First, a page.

Wednesday, January 18, 2017

Books of Hope - Winnie the Pooh

When the world without gets dark and stormy, when illness strikes,  or when I am just worn down by life, I turn to a number of books for solace and comfort. One of the books I turn to is today's Book of Hope title. It may seem strange that I would consider Winnie the Pooh to be a book of hope, but I think it is just that. The Winnie the Pooh stories remind us of the simple joys, the little adventures, the funny situations, that make life rich and wonderful. Feeling rich in stories that are packed with humor and sweet affection most certainly gives the spirit a lift.

Winnie the PoohWinnie the Pooh
A. A. Milne
Illustrator:  Ernest H. Shepard
For ages 5 and up
Penguin, 2005, 978-0142404676
Lets us hear a story. Christopher Robin has decided that the story he would like to hear should be one about his bear, "Winnie-ther-Pooh." Christopher thinks that Winnie would very much like to hear a story about himself, and so off we go, to the forest, where Winnie-the-Pooh lives.
   In the first story we are told, Pooh, who is very partial to food in general, and honey in particular, decides that he wants to climb a tree because there is a large bee hive at the top. Of course where there are bees there is honey, and where there is honey there are Poohs. At first Pooh tries climbing up the tree in the old fashioned way, but that turns out to be a painful exercise. So he heads off to find Christopher Robin, whom he hopes might have a solution to his problem. Sure enough, before long, Pooh is floating up next to the honey bee tree hanging from a large blue balloon. There still is a problem however, and the problem is that the bees, which are not unintelligent creatures, are beginning to get "suspicious."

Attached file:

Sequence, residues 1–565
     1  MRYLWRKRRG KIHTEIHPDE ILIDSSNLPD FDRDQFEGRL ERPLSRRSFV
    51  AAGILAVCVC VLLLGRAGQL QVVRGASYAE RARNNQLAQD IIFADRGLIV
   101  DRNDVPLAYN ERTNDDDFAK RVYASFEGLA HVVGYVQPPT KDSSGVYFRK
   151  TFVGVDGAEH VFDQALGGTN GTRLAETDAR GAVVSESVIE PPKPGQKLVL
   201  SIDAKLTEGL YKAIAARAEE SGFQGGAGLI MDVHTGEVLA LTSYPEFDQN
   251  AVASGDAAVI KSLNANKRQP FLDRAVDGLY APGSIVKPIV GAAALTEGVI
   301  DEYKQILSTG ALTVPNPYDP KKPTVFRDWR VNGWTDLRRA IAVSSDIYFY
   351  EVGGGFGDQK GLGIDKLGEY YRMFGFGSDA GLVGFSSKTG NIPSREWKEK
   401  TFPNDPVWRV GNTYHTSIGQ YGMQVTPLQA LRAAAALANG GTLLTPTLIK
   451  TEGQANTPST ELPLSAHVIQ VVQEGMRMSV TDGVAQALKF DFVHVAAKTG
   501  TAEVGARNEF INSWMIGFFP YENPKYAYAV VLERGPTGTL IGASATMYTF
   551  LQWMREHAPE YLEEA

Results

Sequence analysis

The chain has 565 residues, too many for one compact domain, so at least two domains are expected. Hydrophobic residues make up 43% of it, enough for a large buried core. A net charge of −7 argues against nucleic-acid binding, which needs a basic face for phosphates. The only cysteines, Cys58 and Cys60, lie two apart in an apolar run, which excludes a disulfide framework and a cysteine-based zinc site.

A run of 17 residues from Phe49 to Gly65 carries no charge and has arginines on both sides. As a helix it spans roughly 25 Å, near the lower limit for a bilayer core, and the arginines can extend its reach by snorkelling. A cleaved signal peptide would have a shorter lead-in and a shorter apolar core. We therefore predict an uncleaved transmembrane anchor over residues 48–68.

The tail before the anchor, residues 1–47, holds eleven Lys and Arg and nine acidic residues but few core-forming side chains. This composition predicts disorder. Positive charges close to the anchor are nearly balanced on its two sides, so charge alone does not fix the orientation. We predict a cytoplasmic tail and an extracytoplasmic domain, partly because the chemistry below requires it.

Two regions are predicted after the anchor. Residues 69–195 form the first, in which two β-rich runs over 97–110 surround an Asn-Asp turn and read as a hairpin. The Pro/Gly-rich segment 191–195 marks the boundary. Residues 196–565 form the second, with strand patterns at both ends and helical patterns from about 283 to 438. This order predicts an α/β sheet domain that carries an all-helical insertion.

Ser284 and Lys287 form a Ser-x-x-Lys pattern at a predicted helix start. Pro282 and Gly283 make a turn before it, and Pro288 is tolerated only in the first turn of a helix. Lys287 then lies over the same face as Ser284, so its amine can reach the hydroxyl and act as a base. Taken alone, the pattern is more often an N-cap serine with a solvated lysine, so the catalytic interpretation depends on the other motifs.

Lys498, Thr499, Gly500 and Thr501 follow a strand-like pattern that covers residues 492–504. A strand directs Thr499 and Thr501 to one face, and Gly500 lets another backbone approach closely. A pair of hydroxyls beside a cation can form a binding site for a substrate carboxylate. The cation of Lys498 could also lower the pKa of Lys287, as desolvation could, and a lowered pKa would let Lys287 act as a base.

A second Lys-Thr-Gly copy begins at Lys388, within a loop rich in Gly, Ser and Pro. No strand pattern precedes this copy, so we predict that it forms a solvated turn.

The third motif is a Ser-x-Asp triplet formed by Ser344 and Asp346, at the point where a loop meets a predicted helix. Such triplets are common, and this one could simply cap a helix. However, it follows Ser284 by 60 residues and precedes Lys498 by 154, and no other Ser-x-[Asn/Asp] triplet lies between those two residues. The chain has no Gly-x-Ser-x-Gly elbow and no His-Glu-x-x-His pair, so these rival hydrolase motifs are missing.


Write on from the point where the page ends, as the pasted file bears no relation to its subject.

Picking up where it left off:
Poor Pooh. This is only the first of several rather uncomfortable adventures that he has. In the next tale we are told, the bear, who as I have said enjoys food, gets stuck in Rabbit's doorway. Pooh blames the size of the doorway, and Rabbit blames the size of Pooh. There is nothing to be done however, for Pooh is stuck tight. All Pooh can do is listen to a "Sustaining Book such as would help and comfort a Wedged Bear in Great Tightness" and wait to get thinner.
   A. A. Milne's deliciously funny stories about this lovable bear, with their wonderful use of language,  will never lose their charm. Pooh and his friends speak a language all children understand, and they make the kinds of mistakes that they understand too. At the same time, there can be no doubt that Pooh's tales delight adults as well. There is something about the bear's simple needs, his obvious devotion to his friends, and his delightful way of expressing himself that makes Pooh a panacea for a tired mind, an aching heart, or a weary spirit.
   Ernest Shepard's delightful illustrations perfectly capture the personalities of Pooh, Piglet, and their friends.

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